Why not declare Sylhet, Sunamganj as ‘disaster zones’?
It was pitch-dark when I entered Sylhet MAG Osmani Medical College Hospital on Saturday afternoon. The ground floor was submerged in knee-high floodwater. I climbed up the stairs to the first floor to find an elderly patient named Ana Miah lying on the floor.
As the ground floor of the hospital got flooded that morning, all the patients were moved to the first floor. Ana Miah was struggling to breathe, no oxygen available for him as the central oxygen line had been disconnected, thanks to the power outage that engulfed not just the hospital, but the entire Sylhet district.
While this is the scenario in the city, one can only imagine the suffering the people in the remote areas of Sylhet and Sunamganj have been enduring since Wednesday. Just imagine: Your house is under floodwater, there's no electricity, your phone is out of charge and mobile network, there's no food or any hope of being rescued.
People from outside the flooded region, who have family members and/or friends stranded in the area, are similarly distressed as they can't contact their loved ones. Social media is swamped with posts from worried users seeking any update about their stranded loved ones or any information of rescue attempts.
After several attempts, I managed to establish contact with some remote areas. All I heard was people in distress, pleading to be rescued. Even the shelters in the remote areas are waiting for relief.
All means of connectivity are gone. One can hardly find a boat to wade through the flood; the boatmen who are willing to give a ride are asking for an exorbitant amount of fare. Sylhet Deputy Commissioner Md Mozibor Rahman said even the administration is struggling to find boats to extend rescue and relief work to the remote areas. Police, army, navy and Border Guard Bangladesh (BGB) personnel, as well as the general public, are trying to provide help in any way possible.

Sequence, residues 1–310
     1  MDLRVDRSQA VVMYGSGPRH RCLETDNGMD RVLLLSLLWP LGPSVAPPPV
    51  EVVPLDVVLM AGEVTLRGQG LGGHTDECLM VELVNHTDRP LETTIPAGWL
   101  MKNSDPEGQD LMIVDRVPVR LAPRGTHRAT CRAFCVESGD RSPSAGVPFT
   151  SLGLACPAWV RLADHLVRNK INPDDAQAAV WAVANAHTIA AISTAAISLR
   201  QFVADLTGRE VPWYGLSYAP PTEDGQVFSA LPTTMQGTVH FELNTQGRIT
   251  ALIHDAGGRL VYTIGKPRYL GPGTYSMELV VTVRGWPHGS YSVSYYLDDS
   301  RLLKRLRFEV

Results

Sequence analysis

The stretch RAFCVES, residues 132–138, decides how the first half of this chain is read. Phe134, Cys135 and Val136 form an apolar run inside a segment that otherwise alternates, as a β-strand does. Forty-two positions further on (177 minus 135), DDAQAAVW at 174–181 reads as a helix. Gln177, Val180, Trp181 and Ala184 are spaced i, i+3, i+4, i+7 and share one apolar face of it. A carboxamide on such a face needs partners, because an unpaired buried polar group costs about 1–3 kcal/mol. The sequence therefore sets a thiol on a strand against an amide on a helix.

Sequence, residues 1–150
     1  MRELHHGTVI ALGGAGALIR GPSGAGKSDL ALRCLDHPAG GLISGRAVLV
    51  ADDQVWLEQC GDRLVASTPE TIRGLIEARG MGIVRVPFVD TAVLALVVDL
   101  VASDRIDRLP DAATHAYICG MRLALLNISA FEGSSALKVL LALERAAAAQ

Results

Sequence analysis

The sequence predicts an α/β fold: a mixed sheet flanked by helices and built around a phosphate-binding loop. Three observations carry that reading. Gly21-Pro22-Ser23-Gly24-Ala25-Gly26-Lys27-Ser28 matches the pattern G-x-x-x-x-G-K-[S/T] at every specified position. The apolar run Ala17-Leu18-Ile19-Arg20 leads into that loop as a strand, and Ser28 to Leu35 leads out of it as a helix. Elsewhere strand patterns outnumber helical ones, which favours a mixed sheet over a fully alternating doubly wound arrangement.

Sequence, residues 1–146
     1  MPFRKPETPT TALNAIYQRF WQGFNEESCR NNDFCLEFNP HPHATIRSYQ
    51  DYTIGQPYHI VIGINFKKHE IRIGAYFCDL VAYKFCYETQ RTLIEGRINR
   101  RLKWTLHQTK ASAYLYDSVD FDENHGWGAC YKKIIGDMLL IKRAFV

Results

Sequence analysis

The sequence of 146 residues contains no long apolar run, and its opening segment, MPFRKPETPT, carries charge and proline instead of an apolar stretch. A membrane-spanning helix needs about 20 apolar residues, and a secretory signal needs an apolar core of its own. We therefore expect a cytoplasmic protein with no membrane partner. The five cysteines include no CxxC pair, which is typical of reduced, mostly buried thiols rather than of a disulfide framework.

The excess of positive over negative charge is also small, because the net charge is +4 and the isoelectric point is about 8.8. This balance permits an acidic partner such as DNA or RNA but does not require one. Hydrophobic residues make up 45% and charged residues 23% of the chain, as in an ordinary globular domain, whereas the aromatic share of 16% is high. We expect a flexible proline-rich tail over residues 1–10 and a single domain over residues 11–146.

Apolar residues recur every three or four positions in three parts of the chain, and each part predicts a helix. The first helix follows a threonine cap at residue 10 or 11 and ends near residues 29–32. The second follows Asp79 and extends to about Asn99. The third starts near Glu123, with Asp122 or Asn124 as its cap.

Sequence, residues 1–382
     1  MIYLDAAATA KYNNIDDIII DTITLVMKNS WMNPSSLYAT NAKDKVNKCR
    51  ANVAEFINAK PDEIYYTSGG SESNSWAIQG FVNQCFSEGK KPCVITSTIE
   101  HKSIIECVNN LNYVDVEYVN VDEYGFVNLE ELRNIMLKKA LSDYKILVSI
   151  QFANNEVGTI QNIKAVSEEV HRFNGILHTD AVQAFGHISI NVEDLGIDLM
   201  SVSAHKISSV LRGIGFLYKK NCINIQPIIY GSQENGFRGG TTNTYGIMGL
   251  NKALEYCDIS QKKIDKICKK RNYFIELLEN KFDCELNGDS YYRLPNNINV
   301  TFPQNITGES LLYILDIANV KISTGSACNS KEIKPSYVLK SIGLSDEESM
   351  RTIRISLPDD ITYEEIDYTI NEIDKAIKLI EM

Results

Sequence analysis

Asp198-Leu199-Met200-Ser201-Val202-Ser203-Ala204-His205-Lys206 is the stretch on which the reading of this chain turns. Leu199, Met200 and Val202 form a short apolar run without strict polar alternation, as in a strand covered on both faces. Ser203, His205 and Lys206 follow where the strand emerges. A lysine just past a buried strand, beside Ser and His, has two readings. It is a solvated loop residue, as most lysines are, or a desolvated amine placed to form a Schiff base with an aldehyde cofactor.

But what shocks me is the nonchalant attitude of our public representatives. Most of the MPs, upazila and union chairmen, and city and municipality councillors are absent in this moment of crisis. Only a few people, like Expatriate Welfare and Overseas Employment Minister Imran Ahmed, were seen coming to his constituency to extend humanitarian support to the distressed people.
And I have been seeing a general lacklustre attitude towards flood management for a while. Since the flash floods in 2017 destroyed Boro harvest in the country's northeast region, I have been constantly searching for a concrete explanation as to why floods have been so devastating in the region in recent times.
The answer is complex. Experts have tried to explain it in many ways, but it boils down to a combination of climate change, destruction of hills, deforestation, unplanned development work in the wetlands, and the massive loss of navigability in all the rivers in the upper and lower Meghna basin.
All of these reasons are the results of human actions.
Has the government come up with any solutions to manage floods? I see none. After repeated calls from concerned citizens, it is rather disappointing to see the government only focused on infrastructural development, with little to no concern about conserving nature and the environment.
Several concerned organisations and citizens have already urged the authorities to declare the flood-affected areas as a "disaster zone," per the Disaster Management Act, 2012. Doing so will empower the local administrations to work more extensively and ease getting adequate support from all government offices.
The flood is just the beginning of the disaster. It will take months to rehabilitate the affected population and rebuild what has been damaged by the calamity. I hope the authorities concerned are preparing for that.
Dwoha Chowdhury is a journalist at The Daily Star.